“Take your time, Quinn, it’ll get you eventually,” the dude called after you.  You turned for a moment, and that’s when you ran into the Chinaman.

At least he looked like a Chinaman- or was dressed like one, with railroad togs and a big coolie hat.  Underneath that hat was a white face covered in ashes and grime, and some piercing gray eyes that locked onto your own for a moment.  In a way they were more frightening than the genial menace of the dude.  This man was Hell.

He pushed past you and you kept running, but turned long enough to see him running towards the dude, now with some God-forsaken Chinese sword drawn.  He took a wide slash well out of range of the dude, who ducked anyway, and well he should have.  The awning post he stood next to was sliced clean in two as if it hadn’t been there, and the overhang collapsed onto the dude.  You didn’t stay to watch anymore.  You could hear a hornet.

It got you eventually.

“A taste of something smuggled in…”

Yes, Joni fans, I drove back from northern Cali today and am exhausted.  But Hissing always excites me as much as it does Stephen Street so despite exhaustion I am still feeling peppy.  But, must go back to work tomorrow so I will force myself to sleep.  Great things are in the works, great thinks as well, and the “Posthumous Works” is going to be wondrous.  Rest well.

The Posthumous Works of J. Sheridan Osborn

We’re going forward with a brave thing.  When I wrote my novel 10 A BOOT STOMPING 20 A HUMAN FACE 3o GOTO 10, I inserted a character that I’ve used in a variety of unpublished work.  His name is J. Sheridan Osborn, and along with his partner Adam Sentinel, they represented a mythological version of myself and my good friend, historian Philip Bickle, respectively.

It’s hard to do an author avatar, or author surrogate, or what have you-  at least well.  Garrett Cook can do it.  Norman Mailer can do it.  It was Mailer who convinced me that I could as well, and during that sturm-und-schreck 71 hours that I wrote the book, I found that the real trick, as those much more talented two had obviously learned, was to let your surrogate wear any closet skeletons like a hat.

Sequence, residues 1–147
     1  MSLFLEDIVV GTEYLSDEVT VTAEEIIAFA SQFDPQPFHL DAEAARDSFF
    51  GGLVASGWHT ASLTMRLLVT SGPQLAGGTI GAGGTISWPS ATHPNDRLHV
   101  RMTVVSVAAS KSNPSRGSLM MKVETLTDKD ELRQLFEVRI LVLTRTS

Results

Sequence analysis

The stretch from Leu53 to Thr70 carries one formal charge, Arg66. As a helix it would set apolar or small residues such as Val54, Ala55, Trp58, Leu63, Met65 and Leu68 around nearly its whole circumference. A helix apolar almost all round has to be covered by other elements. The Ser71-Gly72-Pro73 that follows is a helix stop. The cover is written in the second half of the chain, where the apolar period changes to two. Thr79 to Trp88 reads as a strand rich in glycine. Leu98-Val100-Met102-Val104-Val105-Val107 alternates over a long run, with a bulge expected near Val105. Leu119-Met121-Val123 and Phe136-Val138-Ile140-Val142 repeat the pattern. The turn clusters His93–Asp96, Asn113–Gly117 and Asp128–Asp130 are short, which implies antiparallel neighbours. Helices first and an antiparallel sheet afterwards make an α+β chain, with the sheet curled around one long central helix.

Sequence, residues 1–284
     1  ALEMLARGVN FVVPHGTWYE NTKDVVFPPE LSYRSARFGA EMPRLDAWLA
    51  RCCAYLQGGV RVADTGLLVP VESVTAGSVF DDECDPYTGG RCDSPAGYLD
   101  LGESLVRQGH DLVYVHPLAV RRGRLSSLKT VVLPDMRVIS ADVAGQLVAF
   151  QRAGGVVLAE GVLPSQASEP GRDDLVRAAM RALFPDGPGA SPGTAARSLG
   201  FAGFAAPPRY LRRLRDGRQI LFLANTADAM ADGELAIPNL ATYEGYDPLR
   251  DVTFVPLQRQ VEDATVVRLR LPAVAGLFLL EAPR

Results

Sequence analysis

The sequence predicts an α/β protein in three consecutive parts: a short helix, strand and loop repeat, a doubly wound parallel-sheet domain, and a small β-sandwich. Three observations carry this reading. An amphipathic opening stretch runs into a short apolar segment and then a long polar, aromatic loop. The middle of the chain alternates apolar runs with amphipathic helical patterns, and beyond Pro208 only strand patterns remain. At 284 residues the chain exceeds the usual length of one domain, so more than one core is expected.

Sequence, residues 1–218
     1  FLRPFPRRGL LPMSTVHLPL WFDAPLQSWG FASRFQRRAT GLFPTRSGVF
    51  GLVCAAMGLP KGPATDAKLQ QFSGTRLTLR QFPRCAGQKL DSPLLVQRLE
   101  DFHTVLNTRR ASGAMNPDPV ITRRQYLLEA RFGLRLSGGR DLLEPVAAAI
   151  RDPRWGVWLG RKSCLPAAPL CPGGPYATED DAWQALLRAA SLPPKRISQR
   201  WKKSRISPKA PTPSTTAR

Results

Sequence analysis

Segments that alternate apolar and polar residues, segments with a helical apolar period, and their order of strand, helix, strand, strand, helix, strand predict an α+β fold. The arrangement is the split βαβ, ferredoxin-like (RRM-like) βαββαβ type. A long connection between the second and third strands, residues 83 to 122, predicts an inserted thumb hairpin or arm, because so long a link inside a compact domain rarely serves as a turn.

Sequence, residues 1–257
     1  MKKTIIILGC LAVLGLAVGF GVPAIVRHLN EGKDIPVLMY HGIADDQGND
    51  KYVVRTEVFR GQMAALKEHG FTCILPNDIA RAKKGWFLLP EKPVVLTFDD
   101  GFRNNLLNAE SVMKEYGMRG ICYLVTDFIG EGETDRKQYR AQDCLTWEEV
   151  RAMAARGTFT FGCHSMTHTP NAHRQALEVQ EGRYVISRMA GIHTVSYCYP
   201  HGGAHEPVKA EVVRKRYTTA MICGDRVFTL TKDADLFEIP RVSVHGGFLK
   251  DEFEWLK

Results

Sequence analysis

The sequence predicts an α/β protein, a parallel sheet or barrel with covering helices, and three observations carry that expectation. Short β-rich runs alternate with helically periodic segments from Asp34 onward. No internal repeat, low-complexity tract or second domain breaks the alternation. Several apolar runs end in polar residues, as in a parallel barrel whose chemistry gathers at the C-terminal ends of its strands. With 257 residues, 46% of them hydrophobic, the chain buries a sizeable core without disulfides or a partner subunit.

To put it simply, J. Sheridan Osborn is me, but far more competent in a narrative capacity and only slightly more of a jerk.  Which is to say, quite a bit of a jerk.  But means well.

Along the way, a character makes the sole mention of one of Osborn’s works- The Metahermeneutics of Paralinguistic Qualia.  Believe it or not, that accurately describes something that I am interested in, and I wanted the philosopher character to have written some sort of over-the-top wank that I might actually have done were I more infamous.  Then I thought- maybe I’ll take a stab at Metahermeneutics.  It would be a shame to give up on the characters of the book.  In fact, I happen to like myself, even fictional versions that caricature my shortcomings.

That’s when I came up with the idea that maybe I should explore some of his other works.  Or perhaps some other people should?  I’ve been wanting to collaborate with a lot of people.  Like Phil Bickle- Adam Sentinel himself.  We’ve been talking about writing an ultraviolent  historical novel forever. Most of the writers I know are just as busy with creative efforts and families and whatnot as I am, so it seemed unlikely that I’d be able to make all those collaborations happen.  BOOM!  Chocolate and peanut butter.

The buy-in so far has been great.  Eriq Nelson is already working on his account of being dragged head first into a fictional character killing spree.  Michael James Brown, better known as an agitator than author, jumped right in with a smooth understanding of his relationship with Osborn.  Ed Morris, who is way more talented than I could ever hope to be, will be contributing something.  Christy Leigh Stewart and I will be creating some sort of terrifying hypersigil with illustrations by Megan Hansen.  Not to mention some great names like Jordan Krall, Matt Revert, Michael A. Rose, The Pueschel, Eckhard Gerdes, and William Pauley III.

I have high hopes for this project- it’s going to be a very different, rough beast.  I’m going to start posting pieces and fragments here at Dharma Beatdown, and anyone can feel free to email me or leave comments with ideas.